The pictorial collection is made up of 64 paintings donated in 1994, all of them representative of 20th-century Spanish art. Works by artists whose careers have crossed paths with
Beulas’ have a special place. The bulk of the of the w orks fall under the rubric of the socalled ‘School of Madrid’, the origin of w hich can be traced to experiences predating the Spanish Civil War, w ith artists such as Benjamín Palencia, Godofredo Ortega Muñoz and Agustín Redondela, w ho shared a commitment to renew al and a focus on landscape. Antonio Guijarro and Agustín Úbeda w ere also involved in this renew ed approach to landscape, though their contributions to the collection are mainly figurative and still-life works.
The New Figuration movement is represented by interesting compositions by Antonio Quirós and Juan Barjola, who apply expressive approaches to update traditional schema. We also find creators w hose w ork w as a real step forw ard for the plastic arts in Spain, such as Alcorlo, Celis, Echauz, Blardony and Brinkmann. Leading figures of the European avant-garde and 20thcentury Spanish painting – Juan de Echevarría, a member of the first School of Paris, and Pablo Picasso – also have a place in the collection. Francisco Mateos represents international expressionism in Spain.
The collection encompasses several generations of Spanish post-war art. The period is characterised by a return to academic art and realism, and by Spain’s isolation from international trends. A striking contrast is apparent in the revolution in the plastic arts w rought by surrealism, the Informalist movement, and the abstract art of young avantgarde artists like Cuixart, Millares, Saura and Tàpies, all destined to play a vital role in the direction taken by Spanish art. Fermín Aguayo and Santiago Lagunas, among others, are representatives of 1940s abstract art in Aragon. Their activities revolved around Zaragoza’s Pórtico bookstore, from which they took their name: the Pórtico Group. The group played an important role in introducing abstract painting in Spain.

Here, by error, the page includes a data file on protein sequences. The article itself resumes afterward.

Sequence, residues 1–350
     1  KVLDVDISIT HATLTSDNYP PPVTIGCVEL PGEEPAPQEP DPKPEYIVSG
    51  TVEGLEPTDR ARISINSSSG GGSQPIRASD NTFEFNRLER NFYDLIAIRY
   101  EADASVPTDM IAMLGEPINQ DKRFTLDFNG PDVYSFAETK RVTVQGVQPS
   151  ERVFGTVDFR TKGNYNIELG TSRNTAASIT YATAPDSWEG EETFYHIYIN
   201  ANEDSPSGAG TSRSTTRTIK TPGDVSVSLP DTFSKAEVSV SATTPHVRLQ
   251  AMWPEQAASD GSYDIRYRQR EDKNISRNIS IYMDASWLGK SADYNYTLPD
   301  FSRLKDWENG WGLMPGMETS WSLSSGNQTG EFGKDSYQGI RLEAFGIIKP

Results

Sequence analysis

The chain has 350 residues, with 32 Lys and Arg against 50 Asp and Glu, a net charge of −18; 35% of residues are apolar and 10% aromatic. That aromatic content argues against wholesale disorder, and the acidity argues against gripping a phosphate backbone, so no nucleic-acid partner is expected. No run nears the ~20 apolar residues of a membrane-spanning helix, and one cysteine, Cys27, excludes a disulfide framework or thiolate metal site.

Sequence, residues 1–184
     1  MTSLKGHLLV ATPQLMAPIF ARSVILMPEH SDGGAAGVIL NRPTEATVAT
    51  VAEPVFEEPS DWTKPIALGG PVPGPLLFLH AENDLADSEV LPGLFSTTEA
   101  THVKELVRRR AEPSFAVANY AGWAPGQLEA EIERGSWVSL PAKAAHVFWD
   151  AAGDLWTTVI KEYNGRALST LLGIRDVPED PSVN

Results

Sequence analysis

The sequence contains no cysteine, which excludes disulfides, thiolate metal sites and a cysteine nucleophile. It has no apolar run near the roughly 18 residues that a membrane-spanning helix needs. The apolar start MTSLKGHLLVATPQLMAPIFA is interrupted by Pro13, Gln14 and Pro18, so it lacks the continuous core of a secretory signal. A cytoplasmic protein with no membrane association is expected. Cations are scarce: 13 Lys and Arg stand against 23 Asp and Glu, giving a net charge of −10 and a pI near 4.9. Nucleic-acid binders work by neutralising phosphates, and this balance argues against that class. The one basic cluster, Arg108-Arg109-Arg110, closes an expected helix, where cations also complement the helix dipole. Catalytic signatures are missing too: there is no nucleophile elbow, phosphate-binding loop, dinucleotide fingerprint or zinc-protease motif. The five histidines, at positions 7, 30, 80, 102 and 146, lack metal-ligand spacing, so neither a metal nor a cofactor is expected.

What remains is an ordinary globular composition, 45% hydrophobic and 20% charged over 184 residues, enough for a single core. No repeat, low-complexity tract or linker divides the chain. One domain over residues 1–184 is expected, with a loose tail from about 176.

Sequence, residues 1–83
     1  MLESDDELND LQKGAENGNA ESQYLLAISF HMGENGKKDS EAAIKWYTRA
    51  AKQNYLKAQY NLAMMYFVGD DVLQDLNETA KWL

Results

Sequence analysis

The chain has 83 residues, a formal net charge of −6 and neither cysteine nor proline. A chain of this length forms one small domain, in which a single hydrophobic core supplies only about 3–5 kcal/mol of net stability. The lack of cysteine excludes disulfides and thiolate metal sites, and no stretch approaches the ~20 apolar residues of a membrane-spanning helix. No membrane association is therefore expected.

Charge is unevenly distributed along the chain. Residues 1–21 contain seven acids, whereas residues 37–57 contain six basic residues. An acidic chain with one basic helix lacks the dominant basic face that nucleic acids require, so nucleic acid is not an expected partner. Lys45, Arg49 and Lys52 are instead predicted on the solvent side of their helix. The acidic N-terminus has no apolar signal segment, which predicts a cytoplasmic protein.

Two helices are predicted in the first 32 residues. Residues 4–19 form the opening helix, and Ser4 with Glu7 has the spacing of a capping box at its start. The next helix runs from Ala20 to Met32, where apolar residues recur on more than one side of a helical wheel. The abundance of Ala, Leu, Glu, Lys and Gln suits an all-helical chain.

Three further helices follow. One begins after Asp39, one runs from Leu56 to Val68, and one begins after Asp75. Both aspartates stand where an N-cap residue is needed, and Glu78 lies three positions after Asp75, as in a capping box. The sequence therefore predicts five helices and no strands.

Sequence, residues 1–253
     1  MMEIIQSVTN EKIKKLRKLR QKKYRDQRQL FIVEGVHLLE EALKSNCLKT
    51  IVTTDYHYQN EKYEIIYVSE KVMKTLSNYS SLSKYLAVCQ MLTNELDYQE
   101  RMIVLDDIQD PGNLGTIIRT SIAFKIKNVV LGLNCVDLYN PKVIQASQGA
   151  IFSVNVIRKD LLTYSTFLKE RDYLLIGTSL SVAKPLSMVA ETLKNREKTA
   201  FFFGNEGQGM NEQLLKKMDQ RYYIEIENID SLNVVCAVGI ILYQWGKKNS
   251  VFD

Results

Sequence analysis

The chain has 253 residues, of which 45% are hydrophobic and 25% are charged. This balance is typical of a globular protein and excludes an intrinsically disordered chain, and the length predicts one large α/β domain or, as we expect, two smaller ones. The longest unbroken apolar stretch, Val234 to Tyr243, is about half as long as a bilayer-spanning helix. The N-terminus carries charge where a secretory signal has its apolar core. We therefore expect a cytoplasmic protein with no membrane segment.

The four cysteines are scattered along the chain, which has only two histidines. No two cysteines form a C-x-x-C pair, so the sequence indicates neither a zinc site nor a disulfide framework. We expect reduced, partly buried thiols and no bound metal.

The Dau al Set Group marked the recovery of the avant-garde in Catalonia. Ráfols Casamada (characterised by an Informalist approach to landscape), who was a co-founder of the group known as Els Vuit, and Cuixart and Tàpies, cofounders of the magazine Dau al Set (the first post-w ar outlet for surrealism), also have an important place in the collection. Of the artists in this group, it was Tàpies who would go on to achieve the greatest international acclaim. This can be put down to the fact that he was the first to achieve an Informalist style focusing on the use of unconventional materials and an aesthetic in line with the oriental philosophy that drew such widespread interest in the seventies. American abstract expressionism and French Tachisme laid the groundw ork for the Spanish Informalist movement, in which the El Paso Group – founded in 1957 by Antonio Saura, Manuel Viola, Manuel Rivera, Luis Feito and Manolo Millares – played a central role. All of the members of the group are represented in the collection. Representing the 1960s in Aragon is Daniel Sahún, of the
Zaragoza Group. Sahún played a key role in the process of aesthetic renew al and broke new ground in abstract art, seeking to pick up w here the Pórtico Group had left off.